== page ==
You may want to isolate that newly-bought Easter lily for a few weeks before allowing it to join your other houseplants. It just may be harboring a common fly pest called fungus gnats. Their larvae are also fond of poinsettias, cyclamens, African violets and carnations. But don't blame the plants for the cause. Reasons for the infestation are more likely rooted in poor soil conditions, health of the plant and the indoor environment.
Although certain plants are not the cause of their existence, fungus gnat larvae prefer to dine on the fine hair roots of showy indoor plants like African violets, which can lead to root rot. Plants like carnations, cyclamens, geraniums and other foliage droppers can also succumb to the pest. Infestation signs include faded plant color, droopy stems and general loss in growth vigor.
The fungus gnat resembles a tiny mosquito and is easily identifiable by its grayish-black slender body. It breeds its larvae in rich, organic soil (particularly the peat moss kind) commonly used for house plants. Although the adult flies are a nuisance, it is their larvae that can damage the plants. The whitish semi-transparent black-headed larvae leave their slimy trail on the leaves as they feed on the fungus of decaying debris.
Over watering, poor drainage and allowing decaying debris to accumulate in the pot create conditions for attracting fungal gnats and their larvae. They will also lay their eggs in unsealed bags of soil which is no longer sterile. Plants that are stressed, subject to leaf wilt resulting in foliage loss and stunted growth, may also be infested. The lack of predators indoors that control fungus gnat populations may contribute to their accumulation in otherwise healthy indoor plants.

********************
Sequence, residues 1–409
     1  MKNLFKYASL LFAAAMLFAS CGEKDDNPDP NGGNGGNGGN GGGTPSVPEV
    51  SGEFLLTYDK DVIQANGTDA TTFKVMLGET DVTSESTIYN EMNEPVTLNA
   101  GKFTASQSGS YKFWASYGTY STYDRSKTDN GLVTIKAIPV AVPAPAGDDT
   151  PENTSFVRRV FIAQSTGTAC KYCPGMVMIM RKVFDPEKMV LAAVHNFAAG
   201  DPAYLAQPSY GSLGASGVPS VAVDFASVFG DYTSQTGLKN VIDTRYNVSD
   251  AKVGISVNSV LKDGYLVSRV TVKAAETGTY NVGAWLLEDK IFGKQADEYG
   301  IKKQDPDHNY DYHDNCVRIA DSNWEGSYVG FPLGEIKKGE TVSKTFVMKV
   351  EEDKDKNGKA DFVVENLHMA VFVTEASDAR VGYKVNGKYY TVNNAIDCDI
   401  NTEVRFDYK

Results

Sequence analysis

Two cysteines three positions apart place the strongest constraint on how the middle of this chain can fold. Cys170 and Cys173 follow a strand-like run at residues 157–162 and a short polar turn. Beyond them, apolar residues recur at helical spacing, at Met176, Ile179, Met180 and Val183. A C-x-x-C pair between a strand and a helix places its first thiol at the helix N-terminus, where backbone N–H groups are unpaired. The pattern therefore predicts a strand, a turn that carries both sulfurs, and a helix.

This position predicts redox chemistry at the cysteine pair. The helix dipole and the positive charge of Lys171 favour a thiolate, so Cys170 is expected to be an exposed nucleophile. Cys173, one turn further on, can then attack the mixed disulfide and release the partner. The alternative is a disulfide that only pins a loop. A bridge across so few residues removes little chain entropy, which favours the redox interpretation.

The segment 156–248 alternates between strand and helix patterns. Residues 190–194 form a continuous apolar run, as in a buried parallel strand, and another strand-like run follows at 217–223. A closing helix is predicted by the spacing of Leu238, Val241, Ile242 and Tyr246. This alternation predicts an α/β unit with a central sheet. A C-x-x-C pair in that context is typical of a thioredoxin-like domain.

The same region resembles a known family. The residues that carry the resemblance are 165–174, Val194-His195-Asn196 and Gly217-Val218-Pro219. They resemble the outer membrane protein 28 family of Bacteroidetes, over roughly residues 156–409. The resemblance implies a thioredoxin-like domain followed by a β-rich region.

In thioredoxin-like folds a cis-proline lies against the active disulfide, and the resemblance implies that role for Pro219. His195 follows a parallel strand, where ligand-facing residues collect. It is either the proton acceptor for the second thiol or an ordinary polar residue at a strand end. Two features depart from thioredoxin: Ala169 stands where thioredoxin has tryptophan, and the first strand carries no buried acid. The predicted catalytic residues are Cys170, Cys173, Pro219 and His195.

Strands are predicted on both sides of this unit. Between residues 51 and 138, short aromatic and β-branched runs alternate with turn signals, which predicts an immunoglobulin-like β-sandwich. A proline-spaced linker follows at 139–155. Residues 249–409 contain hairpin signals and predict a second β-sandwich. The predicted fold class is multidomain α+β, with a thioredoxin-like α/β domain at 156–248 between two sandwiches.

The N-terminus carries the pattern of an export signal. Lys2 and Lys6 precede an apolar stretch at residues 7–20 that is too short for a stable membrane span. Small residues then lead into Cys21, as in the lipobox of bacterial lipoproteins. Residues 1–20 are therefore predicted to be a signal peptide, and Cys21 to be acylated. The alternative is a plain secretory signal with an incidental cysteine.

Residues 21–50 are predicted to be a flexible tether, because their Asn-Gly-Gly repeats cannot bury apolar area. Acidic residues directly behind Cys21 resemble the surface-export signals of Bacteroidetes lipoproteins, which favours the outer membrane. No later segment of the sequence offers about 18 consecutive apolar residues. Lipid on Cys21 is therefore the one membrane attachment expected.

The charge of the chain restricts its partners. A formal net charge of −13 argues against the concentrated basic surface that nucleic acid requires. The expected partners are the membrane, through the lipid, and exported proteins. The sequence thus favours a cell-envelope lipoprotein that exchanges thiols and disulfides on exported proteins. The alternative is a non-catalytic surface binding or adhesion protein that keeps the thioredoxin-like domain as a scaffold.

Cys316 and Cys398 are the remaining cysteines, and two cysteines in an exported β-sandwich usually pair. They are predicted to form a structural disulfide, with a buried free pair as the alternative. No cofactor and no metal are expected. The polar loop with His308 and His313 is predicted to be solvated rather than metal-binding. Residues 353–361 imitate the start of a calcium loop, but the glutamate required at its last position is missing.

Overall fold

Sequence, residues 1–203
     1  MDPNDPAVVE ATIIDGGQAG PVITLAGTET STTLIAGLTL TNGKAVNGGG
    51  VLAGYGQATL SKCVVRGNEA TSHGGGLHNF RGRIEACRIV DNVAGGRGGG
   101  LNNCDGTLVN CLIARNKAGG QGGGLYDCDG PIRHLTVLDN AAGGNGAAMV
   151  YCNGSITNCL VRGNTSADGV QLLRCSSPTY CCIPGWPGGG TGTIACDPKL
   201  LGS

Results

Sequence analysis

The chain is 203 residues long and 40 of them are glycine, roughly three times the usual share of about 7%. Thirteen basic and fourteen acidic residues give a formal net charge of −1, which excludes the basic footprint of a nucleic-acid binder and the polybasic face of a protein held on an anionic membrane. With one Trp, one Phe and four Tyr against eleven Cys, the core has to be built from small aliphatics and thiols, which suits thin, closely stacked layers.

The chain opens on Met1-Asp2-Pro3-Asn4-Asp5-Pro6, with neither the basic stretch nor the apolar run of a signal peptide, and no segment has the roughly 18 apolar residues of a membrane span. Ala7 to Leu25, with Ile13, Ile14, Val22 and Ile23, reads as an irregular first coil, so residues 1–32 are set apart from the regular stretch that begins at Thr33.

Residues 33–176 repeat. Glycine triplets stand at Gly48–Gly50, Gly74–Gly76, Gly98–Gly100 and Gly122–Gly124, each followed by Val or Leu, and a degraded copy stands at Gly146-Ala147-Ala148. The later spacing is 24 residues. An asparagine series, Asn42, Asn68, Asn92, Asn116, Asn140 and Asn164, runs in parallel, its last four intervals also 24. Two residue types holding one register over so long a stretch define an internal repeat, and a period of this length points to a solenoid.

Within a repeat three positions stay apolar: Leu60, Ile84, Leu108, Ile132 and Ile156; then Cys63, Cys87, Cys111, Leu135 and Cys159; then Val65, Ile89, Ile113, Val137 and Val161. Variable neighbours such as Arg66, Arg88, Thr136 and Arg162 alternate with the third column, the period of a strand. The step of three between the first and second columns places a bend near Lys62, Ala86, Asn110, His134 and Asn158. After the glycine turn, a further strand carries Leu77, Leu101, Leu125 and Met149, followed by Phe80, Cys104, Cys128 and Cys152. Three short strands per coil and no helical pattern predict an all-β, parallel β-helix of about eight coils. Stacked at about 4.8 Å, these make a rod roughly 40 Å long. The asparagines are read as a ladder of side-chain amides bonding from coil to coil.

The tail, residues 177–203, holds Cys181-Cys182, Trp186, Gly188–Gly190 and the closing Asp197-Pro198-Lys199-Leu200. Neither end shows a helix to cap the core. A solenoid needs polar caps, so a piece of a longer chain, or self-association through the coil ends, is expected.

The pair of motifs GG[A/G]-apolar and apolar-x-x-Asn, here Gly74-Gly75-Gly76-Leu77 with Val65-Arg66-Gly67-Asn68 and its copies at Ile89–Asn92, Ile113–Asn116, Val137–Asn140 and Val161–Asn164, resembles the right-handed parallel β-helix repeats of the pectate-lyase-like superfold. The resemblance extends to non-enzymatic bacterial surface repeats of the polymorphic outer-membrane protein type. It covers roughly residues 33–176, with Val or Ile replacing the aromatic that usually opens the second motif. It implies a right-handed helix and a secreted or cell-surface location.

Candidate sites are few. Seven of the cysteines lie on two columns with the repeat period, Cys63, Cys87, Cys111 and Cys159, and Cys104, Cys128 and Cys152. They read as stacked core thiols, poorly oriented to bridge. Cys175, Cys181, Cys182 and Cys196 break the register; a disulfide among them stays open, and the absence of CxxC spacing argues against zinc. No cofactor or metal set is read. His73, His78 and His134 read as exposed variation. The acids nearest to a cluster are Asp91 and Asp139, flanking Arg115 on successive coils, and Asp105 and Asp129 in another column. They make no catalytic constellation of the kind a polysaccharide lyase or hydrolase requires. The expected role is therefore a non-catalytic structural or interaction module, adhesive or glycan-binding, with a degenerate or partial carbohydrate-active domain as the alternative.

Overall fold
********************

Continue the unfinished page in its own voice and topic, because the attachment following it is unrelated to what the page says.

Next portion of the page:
Letting the soil dry thoroughly between watering, providing good drainage and removing leaf litter from the pot can help prevent infestations. Use sterile, properly sealed soil. To discourage excess moisture and fungal growth, sprinkle 1/4 inch of sand across the top of the soil or apply a thin layer of sphagnum moss. The moss increases acidity to deter fungus. Because fungus gnat larvae may already exist in the soil, Isolate new plants at least three weeks before grouping them with your other houseplants. Caulk and screen windows before the weather turns cool, to discourage fungus gnats from moving indoors.
Treat seriously infected plants by applying pyrethrin plant derivative sprays on the soil surface. Aerosols and sprays easily kill the adult gnats. Luring female gnats with decoy pots of sprouting grain may discourage them from laying more eggs in or on your houseplants and is an alternative to applying pesticides. Before the larvae hatch, discard the grain pots and set out new ones.